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State‐Federal Resource Tax Rivalry: The Queensland Railway and the Federal Export Tax

Author

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  • J. H. CASSING
  • A. L. HILLMAN

Abstract

This paper presents a stylized account and analysis of the implications of the intergovernmental tax rivalry which arises between the Queensland and Federal governments in their efforts to tax resource rents. In particular, coal is taxed explicitly through the Federal export levy and implicitly through the Queensland railways ‘excess rail freight’. A game‐theoretic environment thus arises. It is shown that if each government sets its tax rate optimally in reaction to the other government's tax polity, then less revenue is generated at a higher deadweight cost. The optimal cooperative solution is compared to the non‐cooperative equilibrium and the resulting welfare gains are identified.

Suggested Citation

  • J. H. Cassing & A. L. Hillman, 1982. "State‐Federal Resource Tax Rivalry: The Queensland Railway and the Federal Export Tax," The Economic Record, The Economic Society of Australia, vol. 58(3), pages 235-241, September.
  • Handle: RePEc:bla:ecorec:v:58:y:1982:i:3:p:235-241
    DOI: 10.1111/j.1475-4932.1982.tb00371.x
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    Cited by:

    1. Melle Marco C., 2015. "Begünstigungen und Schranken in der europäischen Unternehmensbesteuerung – eine evolutorisch-ökonomische Sicht / Preferential treatments and barriers in the European company taxation – an evolutionary," ORDO. Jahrbuch für die Ordnung von Wirtschaft und Gesellschaft, De Gruyter, vol. 66(1), pages 115-146, January.
    2. Florence Lachet-Touya, 2013. "Tax Interactions with Asymmetric Information and Nonlinear Instruments," Working Papers hal-02945285, HAL.
    3. Sotiris Karkalakos & Christos Kotsogiannis, 2007. "A spatial analysis of provincial corporate income tax responses: evidence from Canada," Canadian Journal of Economics, Canadian Economics Association, vol. 40(3), pages 782-811, August.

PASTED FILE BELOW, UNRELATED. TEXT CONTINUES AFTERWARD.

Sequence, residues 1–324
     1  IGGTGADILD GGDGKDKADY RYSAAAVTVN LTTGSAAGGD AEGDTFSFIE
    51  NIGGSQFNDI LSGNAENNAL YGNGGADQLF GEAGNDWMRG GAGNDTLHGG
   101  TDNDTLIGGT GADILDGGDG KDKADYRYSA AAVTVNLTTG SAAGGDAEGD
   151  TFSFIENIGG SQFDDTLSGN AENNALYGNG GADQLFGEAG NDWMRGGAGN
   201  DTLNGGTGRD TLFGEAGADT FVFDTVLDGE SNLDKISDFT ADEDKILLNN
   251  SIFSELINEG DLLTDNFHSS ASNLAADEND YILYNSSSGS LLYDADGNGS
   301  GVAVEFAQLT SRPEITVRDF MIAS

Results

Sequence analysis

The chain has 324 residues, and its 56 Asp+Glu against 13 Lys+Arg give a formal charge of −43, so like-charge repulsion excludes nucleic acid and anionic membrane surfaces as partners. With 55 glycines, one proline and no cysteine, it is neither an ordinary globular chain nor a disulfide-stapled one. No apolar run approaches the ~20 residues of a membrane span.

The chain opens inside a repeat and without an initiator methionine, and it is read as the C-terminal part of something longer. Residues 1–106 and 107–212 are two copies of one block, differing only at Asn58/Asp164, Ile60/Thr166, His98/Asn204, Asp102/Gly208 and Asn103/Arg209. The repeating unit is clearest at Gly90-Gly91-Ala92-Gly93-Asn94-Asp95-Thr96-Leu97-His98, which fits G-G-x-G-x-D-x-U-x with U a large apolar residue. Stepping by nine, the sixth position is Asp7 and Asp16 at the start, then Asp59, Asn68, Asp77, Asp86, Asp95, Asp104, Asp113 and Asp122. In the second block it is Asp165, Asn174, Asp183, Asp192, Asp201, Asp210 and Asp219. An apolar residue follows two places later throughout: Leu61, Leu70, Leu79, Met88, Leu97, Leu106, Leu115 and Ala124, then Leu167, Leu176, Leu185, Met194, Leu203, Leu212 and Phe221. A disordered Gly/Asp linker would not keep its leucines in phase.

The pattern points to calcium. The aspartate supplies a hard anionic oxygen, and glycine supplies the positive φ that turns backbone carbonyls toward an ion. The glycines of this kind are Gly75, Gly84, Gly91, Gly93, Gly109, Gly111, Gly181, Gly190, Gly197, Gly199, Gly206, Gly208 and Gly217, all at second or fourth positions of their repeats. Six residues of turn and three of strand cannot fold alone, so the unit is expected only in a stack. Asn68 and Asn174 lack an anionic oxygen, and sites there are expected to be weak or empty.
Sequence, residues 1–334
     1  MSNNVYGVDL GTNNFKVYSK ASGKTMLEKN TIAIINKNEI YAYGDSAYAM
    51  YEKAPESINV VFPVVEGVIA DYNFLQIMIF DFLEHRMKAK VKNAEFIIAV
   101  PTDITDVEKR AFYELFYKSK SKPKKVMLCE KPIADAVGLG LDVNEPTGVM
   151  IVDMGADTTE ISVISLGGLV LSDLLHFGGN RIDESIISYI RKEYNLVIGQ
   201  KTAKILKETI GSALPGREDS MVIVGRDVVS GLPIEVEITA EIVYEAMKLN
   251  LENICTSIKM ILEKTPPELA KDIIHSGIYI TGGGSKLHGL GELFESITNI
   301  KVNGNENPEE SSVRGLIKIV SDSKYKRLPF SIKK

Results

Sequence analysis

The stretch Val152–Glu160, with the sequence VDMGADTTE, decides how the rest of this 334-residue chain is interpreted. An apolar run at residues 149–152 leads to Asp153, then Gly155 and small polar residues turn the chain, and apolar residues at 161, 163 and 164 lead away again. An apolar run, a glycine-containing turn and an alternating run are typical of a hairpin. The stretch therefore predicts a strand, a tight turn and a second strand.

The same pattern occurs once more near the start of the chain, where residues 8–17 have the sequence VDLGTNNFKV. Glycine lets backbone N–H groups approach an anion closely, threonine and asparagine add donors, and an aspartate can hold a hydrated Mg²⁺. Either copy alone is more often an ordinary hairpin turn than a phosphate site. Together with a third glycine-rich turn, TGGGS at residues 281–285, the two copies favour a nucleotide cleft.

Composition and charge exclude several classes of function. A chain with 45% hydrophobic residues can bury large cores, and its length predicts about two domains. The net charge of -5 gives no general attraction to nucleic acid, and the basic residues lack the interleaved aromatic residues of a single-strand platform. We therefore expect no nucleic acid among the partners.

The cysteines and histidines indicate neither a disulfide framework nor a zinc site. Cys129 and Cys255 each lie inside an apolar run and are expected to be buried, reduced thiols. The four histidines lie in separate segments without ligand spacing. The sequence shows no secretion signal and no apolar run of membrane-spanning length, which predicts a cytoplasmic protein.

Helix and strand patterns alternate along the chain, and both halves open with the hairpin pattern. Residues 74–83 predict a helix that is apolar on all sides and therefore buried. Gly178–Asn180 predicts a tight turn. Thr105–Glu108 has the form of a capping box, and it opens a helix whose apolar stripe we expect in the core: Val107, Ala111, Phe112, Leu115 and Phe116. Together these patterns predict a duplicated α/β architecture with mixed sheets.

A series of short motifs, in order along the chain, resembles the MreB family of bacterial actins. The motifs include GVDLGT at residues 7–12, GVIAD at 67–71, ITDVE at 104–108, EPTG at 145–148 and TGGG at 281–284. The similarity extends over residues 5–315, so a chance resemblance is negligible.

4. Melle Marco C., 2014. "Eine europäische Bemessungsgrundlage für die Körperschaftsteuer? Konzeption und ordnungsökonomische Analyse / Conceptual design and constitutional economics analysis of a European tax base for corpora," ORDO. Jahrbuch für die Ordnung von Wirtschaft und Gesellschaft, De Gruyter, vol. 65(1), pages 133-156, January.
    5. Florence Lachet-Touya, 2012. "Les interactions fiscales verticales à la lumière de la théorie des multiprincipaux," Recherches économiques de Louvain, De Boeck Université, vol. 78(1), pages 27-46.
    6. Lisa Grazzini & Alessandro Petretto, 2007. "Tax Competition between Unitary and Federal Countries," Economics of Governance, Springer, vol. 8(1), pages 17-36, January.
    7. Florence Lachet-Touya, 2013. "Tax Interactions with Asymmetric Information and Nonlinear Instruments," Working papers of CATT hal-02945285, HAL.
    8. Hatfield, John William, 2013. "Revenue Decentralization, the Local Income Tax Deduction, and the Provision of Public Goods," National Tax Journal, National Tax Association;National Tax Journal, vol. 66(1), pages 97-115, March.
    9. Ann Cavlovic & Harriet Jackson, "undated". "Bother thy neighbour? Intergovernmental Tax Interactions in the Canadian Federation," Working Papers-Department of Finance Canada 2003-09, Department of Finance Canada.
    10. Michael Keen & Christos Kotsogiannis, 2003. "Leviathan and Capital Tax Competition in Federations," Journal of Public Economic Theory, Association for Public Economic Theory, vol. 5(2), pages 177-199, April.
    11. Michael Keen, 1998. "Vertical Tax Externalities in the Theory of Fiscal Federalism," IMF Staff Papers, Palgrave Macmillan, vol. 45(3), pages 454-485, September.
    12. Florence TOUYA, 2013. "Tax Interactions with Asymmetric Information and Nonlinear Instruments," Working Papers 2012-2013_9, CATT - UPPA - Université de Pau et des Pays de l'Adour, revised Jul 2013.
    13. Keen, Michael J. & Kotsogiannis, Christos, 2004. "Tax competition in federations and the welfare consequences of decentralization," Journal of Urban Economics, Elsevier, vol. 56(3), pages 397-407, November.

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